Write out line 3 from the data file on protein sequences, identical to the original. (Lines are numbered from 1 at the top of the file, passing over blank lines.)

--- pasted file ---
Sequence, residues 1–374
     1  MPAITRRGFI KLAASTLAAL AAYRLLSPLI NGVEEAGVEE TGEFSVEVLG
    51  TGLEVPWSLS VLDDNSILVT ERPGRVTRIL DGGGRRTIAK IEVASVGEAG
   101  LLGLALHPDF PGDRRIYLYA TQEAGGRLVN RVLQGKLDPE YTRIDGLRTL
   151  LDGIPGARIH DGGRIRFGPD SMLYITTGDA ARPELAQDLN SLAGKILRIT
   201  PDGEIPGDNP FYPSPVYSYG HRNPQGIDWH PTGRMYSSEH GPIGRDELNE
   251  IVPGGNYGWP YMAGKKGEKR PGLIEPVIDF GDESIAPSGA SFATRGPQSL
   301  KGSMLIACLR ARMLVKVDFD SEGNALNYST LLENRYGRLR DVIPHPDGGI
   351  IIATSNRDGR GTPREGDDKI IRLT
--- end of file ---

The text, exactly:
    51  TGLEVPWSLS VLDDNSILVT ERPGRVTRIL DGGGRRTIAK IEVASVGEAG